Mixed picture of environmental ambition from England’s water companies
Date posted: 29 January 2019
A mixed picture in terms of environmental ambition and commitment in the business plans published by England’s water companies have been revealed by new scorecards published today by Blueprint for Water – a coalition of around 18 organisations, including MCS, working to develop solutions to the water issues facing England.
The scorecards have analysed how successful water company plans for the next five years are likely to be in protecting and improving the environment.
The review of the companies’ main business plans revealed that of the water-and-sewerage companies Northumbrian Water, South West Water, and Anglian Water best meet the environmental benchmarks set by the Blueprint for Water NGOs. Northumbrian Water, South West Water and Southern Water do best in terms of their ambition on those common commitments required by OFWAT that are most relevant to the environment. Southern Water and Wessex Water have the greatest number and coverage of bespoke performance commitments relevant to the environmental measures set-out by the coalition.
However, Thames Water and Severn Trent are at the bottom of the rankings both in terms of the review of what their business plans say on environmental matters and on the level of ambition of their common commitments on issues such as pollution and leakage.
For the water-only companies South East Water is the standout performer closely followed by Sutton and East Surrey.
Blueprint for Water have awarded a small number of ‘Blue stars’ to recognise the level of ambition of certain companies’ flagship projects. These schemes are industry-leading and will, the NGOs hope, generate learning which can be shared across the industry.
Hannah Freeman, Chair of Blueprint for Water, said: “We’ve seen a welcome and notable increase in environmental ambition from water companies in their most recent financial plans. However there’s still a long way to go, with too many severe pollution events and untreated sewage entering our waterways and well over a thousand Olympic- sized swimming pools of water leaked from pipes every day. We want all future plans to routinely factor in enhancing the natural capital that water companies rely on, to help both business and nature to thrive.”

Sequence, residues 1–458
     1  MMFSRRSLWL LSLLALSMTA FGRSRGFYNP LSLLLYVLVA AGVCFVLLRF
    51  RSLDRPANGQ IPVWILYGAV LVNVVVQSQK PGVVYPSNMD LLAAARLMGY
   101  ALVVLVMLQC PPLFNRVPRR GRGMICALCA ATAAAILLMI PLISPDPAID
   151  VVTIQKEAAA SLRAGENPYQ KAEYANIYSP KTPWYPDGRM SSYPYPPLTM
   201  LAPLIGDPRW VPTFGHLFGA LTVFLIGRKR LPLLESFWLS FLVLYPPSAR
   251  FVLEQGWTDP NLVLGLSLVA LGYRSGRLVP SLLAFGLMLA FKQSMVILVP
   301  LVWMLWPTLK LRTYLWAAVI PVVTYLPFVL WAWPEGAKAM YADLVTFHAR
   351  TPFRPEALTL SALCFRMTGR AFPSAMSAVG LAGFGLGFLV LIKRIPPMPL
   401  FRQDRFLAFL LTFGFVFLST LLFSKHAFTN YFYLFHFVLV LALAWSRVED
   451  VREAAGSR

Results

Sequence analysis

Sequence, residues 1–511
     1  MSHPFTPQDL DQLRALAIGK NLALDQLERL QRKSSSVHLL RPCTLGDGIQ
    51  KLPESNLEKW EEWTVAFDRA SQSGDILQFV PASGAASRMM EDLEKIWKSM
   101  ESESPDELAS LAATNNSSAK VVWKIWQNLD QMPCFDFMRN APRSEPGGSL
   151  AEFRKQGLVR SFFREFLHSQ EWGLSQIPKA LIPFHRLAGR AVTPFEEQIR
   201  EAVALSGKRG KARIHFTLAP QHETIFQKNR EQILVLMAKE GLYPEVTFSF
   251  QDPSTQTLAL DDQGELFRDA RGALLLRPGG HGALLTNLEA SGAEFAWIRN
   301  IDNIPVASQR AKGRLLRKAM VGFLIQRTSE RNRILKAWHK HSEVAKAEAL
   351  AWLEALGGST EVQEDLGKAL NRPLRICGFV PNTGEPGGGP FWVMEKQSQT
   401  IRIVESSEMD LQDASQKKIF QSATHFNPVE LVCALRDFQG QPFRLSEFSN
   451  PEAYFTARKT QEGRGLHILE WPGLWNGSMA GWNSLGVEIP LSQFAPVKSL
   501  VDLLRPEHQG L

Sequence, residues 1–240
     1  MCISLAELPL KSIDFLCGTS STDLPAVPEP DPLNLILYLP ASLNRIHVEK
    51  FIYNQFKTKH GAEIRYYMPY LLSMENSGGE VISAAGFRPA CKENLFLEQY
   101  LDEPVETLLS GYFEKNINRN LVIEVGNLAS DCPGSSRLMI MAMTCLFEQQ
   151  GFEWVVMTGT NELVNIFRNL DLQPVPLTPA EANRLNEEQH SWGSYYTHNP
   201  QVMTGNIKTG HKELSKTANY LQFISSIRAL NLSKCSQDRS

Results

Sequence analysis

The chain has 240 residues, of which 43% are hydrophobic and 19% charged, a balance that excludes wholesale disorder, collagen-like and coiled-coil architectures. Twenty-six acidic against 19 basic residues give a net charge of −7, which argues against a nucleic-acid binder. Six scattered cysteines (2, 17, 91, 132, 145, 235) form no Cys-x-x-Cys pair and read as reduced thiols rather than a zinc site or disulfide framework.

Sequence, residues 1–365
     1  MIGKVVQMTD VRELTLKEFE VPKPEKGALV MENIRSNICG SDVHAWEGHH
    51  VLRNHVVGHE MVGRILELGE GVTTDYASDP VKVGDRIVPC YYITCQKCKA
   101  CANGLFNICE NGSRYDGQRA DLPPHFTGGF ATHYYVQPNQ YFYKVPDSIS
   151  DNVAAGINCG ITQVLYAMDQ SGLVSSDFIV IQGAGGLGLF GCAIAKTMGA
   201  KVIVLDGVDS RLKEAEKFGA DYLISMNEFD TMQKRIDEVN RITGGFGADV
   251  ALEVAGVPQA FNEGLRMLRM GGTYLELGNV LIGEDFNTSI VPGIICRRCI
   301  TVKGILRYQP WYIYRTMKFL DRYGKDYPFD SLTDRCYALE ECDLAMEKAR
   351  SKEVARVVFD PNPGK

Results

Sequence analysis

Rachel Wyatt, MCS Water Quality Manager, says: “It’s good news that the scorecards published today generally show increased environmental ambition by water companies, including actions to improve bathing waters, development of long term wastewater plans and investigating emerging pollutants like microplastics. However we must see further ambition to stop pollution events which can impact rivers, seas and beaches. We will continue to work with water companies on projects such as our wet wipe campaign to ensure that everybody understands the impact that misusing our sewers can have on our marine environment.”
More than £5 billion will be invested by water companies in environmental improvements over the next five years. This includes over 350 catchment management projects to deal with environmental problems at source rather than ‘end-of-pipe’; commitments to reduce leakage by more than 15%; to lower water demand and to deal with pollution incidents and unsustainable abstraction.
Ofwat report that England now has the cleanest bathing waters since records began
Only 14% of rivers in England are classed as healthy – compared to 40% on average across Europe
The number of serious water pollution incidents has fallen by almost two thirds since 2001, but there were still 317, almost one per day, in 2016
3,183m litres of water leaked daily from water pipes across England and Wales in 2017-18 – equivalent to leakage of 1,273.2 olympic-sized swimming pools per day (2.5 million litres per pool) or 464,718 pools per year